Virtual learning for autistic children

Ella Rhodes reports.

10 March 2017

The Blue Room, a unique immersive virtual reality that helps children with autism overcome their fears and phobias, is now being offered on the NHS. Research on the treatment, published in PLOS One, revealed eight out of nine children treated with this technique were able to tackle the situation they feared and some were found to have completely overcome their phobias, even a year later.

Developed by researchers at Newcastle University and Third Eye Technologies, the room can be used to create personalised scenarios. Accompanied by a psychologist, a child is completely surrounded by audio-visual images representing the ‘real world’ in the 360-degree seamless screened room with no point of external reference. This means they do not have to wear a headset or goggles, which children with autism can find distressing.

They move around the scene using iPad controls, allowing them to fully interact with and navigate through the environment. Scenarios tested already include getting on a busy bus, crossing a bridge, going shopping or talking to an avatar shop assistant. Supported by a psychologist, they are given breathing and relaxation exercises in the controllable and safe virtual environment to help them to learn to cope with that situation. They are observed by their parents via a video-link, which enables them to watch the techniques used to help their child.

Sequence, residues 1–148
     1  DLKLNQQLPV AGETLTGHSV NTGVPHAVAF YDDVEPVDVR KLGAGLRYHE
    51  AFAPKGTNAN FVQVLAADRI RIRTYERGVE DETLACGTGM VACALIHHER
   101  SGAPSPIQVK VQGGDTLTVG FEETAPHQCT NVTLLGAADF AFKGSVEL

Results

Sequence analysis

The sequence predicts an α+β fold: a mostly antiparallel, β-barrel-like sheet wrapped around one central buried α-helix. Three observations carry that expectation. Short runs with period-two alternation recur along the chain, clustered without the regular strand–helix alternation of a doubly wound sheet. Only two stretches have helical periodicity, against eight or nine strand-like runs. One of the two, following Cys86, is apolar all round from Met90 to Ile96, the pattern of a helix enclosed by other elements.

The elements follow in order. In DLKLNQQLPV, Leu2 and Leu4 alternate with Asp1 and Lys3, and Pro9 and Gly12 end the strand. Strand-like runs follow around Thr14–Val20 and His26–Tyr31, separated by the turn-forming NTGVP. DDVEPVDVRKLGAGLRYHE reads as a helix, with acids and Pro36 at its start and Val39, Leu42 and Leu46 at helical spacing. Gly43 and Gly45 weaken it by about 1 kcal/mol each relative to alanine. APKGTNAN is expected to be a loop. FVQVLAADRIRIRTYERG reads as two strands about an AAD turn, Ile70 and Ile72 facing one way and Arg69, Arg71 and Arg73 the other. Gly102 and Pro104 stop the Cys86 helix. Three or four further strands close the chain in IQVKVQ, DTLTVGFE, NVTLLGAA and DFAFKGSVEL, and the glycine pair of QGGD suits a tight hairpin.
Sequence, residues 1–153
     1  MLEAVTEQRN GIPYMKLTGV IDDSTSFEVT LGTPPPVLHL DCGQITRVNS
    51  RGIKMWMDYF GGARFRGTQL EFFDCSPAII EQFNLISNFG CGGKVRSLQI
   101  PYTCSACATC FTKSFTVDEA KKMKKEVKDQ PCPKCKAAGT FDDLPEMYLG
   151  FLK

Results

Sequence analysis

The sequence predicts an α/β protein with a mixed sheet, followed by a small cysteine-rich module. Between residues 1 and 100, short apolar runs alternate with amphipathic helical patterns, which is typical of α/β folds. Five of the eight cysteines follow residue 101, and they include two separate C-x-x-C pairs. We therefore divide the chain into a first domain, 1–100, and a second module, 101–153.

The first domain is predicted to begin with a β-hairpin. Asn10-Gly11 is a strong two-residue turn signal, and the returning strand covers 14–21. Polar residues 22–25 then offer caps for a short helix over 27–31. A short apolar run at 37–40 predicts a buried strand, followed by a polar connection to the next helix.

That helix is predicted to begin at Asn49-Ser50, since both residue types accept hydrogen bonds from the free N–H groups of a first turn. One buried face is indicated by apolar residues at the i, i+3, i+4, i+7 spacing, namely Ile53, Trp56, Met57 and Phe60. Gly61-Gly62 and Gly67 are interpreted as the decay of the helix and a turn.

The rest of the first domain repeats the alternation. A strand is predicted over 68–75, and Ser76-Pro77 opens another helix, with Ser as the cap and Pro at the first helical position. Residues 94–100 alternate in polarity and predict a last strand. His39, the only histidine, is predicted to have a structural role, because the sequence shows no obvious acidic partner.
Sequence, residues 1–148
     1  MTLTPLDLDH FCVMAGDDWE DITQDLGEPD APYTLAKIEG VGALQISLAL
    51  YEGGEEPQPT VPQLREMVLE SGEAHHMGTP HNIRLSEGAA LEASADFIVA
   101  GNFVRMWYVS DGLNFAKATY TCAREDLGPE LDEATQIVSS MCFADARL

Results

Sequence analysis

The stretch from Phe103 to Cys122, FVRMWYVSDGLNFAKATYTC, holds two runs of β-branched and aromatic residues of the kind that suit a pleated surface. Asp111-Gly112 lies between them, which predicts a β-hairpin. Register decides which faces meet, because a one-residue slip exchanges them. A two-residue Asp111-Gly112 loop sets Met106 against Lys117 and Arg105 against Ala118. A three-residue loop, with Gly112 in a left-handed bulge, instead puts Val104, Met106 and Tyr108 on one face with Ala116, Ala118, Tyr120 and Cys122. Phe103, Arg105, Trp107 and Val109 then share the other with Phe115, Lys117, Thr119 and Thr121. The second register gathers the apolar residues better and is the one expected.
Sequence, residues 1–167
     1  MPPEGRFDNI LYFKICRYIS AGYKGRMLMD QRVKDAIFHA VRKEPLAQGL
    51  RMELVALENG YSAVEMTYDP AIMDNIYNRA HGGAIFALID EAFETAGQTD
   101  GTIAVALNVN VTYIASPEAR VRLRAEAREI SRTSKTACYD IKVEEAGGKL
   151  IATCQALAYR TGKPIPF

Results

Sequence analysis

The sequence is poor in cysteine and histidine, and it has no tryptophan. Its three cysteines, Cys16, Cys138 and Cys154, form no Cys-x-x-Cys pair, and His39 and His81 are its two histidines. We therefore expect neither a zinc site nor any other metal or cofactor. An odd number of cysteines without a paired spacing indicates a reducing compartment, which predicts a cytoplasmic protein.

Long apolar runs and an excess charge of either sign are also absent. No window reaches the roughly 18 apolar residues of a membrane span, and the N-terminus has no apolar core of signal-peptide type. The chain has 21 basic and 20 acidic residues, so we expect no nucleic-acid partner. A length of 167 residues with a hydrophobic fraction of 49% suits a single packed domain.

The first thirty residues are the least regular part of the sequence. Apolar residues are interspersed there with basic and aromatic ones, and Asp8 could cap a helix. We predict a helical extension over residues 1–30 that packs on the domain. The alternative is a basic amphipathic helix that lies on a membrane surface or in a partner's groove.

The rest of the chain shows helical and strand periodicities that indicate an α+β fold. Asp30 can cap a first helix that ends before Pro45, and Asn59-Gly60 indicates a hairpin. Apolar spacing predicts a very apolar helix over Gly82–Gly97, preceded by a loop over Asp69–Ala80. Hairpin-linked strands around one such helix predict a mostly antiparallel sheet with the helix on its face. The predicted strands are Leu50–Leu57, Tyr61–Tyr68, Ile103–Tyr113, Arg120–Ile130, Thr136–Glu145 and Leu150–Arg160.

Now the treatment is available as an NHS service, where there is funding by the children’s Clinical Commissioning Group, and each child referred will receive four sessions at the facility in County Durham. The flexibility of the Blue Room means scenes can gradually build in complexity and noise level, allowing a graded exposure and control that can’t be achieved in real life.

Dr Jeremy Parr is a Clinical Senior Lecturer specialising in Paediatric Neurodisability at Newcastle University and works within the Northumberland, Tyne and Wear NHS Foundation Trust, which is providing the service. He said: ‘Situation-specific anxieties, fears and phobias can completely stop a child with autism taking part in normal family or school life, and there are very few treatment options for them. Currently, the main treatment is cognitive behaviour therapy but that often doesn’t work for a child with autism as it relies on their imagination. People with autism can find imagining a scene difficult, so by providing it physically in front of the child’s eyes we can sit alongside them and help them learn how to manage their fears.’

A larger-scale clinical study is being carried out to examine the long-term effectiveness. 

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